Activists Seek To Curtail Restraining Students

Tens of thousands of students are strapped down or physically restrained in school. Disability advocates hope that a new Education Department report detailing the practice of "seclusion and restraint" will spur federal action to curtail it.

The report reveals that 70 percent of students subjected to the techniques have disabilities. It was released by the department's civil rights arm for the first time.

Secluding and restraining kids is controversial, and there are no federal standards on its use in schools.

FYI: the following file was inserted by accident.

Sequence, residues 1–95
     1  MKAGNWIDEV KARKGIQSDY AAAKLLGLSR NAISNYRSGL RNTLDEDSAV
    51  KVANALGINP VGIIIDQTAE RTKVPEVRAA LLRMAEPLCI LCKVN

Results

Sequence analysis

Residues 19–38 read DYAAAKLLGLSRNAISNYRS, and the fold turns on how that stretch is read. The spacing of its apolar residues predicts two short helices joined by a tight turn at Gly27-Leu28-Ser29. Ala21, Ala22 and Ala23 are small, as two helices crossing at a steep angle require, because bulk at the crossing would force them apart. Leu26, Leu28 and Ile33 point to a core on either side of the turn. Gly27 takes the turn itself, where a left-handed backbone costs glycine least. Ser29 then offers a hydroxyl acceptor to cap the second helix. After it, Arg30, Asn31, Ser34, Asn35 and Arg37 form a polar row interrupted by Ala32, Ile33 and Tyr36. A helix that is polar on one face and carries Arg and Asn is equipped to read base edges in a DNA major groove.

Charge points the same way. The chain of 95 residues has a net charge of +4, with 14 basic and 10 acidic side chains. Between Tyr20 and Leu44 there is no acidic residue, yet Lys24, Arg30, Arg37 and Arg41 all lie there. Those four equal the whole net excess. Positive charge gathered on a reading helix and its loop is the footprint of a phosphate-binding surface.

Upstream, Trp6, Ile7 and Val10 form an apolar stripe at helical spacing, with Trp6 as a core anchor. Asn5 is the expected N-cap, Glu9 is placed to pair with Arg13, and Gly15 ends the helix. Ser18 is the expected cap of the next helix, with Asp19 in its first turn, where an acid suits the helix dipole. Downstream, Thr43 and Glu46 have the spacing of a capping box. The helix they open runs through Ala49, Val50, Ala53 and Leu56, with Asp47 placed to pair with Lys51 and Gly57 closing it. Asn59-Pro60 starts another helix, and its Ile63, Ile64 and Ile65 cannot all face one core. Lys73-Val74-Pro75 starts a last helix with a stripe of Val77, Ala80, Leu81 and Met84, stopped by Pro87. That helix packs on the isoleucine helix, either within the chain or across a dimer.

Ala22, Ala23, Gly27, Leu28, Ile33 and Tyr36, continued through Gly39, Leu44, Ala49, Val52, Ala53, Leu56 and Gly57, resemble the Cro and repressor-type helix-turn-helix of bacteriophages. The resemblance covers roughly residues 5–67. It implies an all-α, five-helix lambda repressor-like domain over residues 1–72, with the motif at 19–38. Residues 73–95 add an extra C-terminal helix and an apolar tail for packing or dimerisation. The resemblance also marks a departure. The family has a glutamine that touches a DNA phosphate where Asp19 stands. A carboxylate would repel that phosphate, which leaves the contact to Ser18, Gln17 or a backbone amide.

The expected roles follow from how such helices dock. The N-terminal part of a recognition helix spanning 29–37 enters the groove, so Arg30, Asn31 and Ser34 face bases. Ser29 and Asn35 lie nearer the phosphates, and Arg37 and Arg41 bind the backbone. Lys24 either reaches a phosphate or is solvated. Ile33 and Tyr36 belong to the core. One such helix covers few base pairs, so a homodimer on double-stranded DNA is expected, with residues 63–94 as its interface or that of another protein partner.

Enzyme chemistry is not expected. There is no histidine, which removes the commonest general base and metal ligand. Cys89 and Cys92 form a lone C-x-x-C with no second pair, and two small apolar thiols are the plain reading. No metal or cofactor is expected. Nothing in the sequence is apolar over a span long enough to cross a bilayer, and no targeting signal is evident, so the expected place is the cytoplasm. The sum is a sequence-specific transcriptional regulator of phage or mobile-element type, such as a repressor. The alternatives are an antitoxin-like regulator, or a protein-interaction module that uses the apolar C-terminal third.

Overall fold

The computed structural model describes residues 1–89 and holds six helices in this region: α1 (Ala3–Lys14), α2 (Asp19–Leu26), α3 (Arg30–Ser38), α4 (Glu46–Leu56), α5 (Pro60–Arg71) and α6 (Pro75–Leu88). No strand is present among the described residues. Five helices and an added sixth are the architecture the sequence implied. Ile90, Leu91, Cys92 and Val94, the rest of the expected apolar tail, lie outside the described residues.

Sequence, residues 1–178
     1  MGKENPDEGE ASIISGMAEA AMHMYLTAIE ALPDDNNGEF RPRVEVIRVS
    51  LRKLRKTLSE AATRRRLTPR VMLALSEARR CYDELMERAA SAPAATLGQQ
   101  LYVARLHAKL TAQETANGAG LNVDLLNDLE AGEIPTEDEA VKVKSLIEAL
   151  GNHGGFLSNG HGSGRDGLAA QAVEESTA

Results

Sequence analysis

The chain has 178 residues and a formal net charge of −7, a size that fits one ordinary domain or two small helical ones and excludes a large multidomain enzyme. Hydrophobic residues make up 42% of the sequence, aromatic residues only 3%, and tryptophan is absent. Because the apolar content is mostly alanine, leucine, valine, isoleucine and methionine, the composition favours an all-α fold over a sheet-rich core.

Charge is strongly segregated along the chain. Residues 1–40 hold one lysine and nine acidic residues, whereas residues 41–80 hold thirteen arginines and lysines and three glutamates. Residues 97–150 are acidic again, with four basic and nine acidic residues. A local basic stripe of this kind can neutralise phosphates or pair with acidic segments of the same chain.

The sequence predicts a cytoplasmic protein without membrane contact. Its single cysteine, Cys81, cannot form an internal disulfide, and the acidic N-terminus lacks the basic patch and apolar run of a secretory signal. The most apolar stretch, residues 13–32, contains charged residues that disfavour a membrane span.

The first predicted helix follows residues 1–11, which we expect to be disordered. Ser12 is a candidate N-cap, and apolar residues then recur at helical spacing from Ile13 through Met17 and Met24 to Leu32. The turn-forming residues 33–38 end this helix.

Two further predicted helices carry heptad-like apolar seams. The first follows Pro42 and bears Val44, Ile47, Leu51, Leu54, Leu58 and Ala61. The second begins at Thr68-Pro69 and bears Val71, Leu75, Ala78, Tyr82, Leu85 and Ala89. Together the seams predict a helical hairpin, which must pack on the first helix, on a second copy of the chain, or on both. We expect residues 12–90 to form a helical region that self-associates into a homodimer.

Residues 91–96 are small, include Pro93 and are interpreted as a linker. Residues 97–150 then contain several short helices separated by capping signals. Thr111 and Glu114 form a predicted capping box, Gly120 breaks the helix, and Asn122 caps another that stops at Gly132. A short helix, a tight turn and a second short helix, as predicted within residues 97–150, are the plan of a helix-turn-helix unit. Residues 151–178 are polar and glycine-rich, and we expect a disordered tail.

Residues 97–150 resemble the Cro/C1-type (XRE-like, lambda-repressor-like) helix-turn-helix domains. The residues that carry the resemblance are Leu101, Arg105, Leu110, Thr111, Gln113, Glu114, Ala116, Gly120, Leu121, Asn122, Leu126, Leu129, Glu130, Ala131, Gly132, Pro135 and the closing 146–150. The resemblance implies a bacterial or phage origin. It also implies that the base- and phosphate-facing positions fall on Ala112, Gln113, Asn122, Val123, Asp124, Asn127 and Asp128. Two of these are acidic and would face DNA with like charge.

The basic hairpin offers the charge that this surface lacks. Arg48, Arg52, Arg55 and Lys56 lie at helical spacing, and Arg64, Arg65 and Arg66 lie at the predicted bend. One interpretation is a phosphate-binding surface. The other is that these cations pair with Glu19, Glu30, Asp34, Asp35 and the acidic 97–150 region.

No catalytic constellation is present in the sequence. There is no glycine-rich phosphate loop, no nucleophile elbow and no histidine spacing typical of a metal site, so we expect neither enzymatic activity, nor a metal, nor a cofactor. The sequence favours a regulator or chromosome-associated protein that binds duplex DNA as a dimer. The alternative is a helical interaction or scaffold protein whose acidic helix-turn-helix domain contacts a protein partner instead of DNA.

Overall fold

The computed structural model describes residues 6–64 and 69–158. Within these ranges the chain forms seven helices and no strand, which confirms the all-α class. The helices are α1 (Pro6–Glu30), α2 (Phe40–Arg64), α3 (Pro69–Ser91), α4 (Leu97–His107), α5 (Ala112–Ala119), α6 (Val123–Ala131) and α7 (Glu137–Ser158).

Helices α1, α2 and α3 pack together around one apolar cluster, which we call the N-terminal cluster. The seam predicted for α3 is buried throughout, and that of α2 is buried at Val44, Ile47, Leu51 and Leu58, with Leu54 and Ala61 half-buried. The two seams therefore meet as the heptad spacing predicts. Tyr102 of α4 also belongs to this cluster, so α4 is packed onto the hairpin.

The American Association of School Administrators says using these techniques as a last resort in volatile situations protects students and faculty from physical harm.

They say it also keeps some children in schools who might otherwise go into residential institutions.

Advocates say the use has led to abuse.


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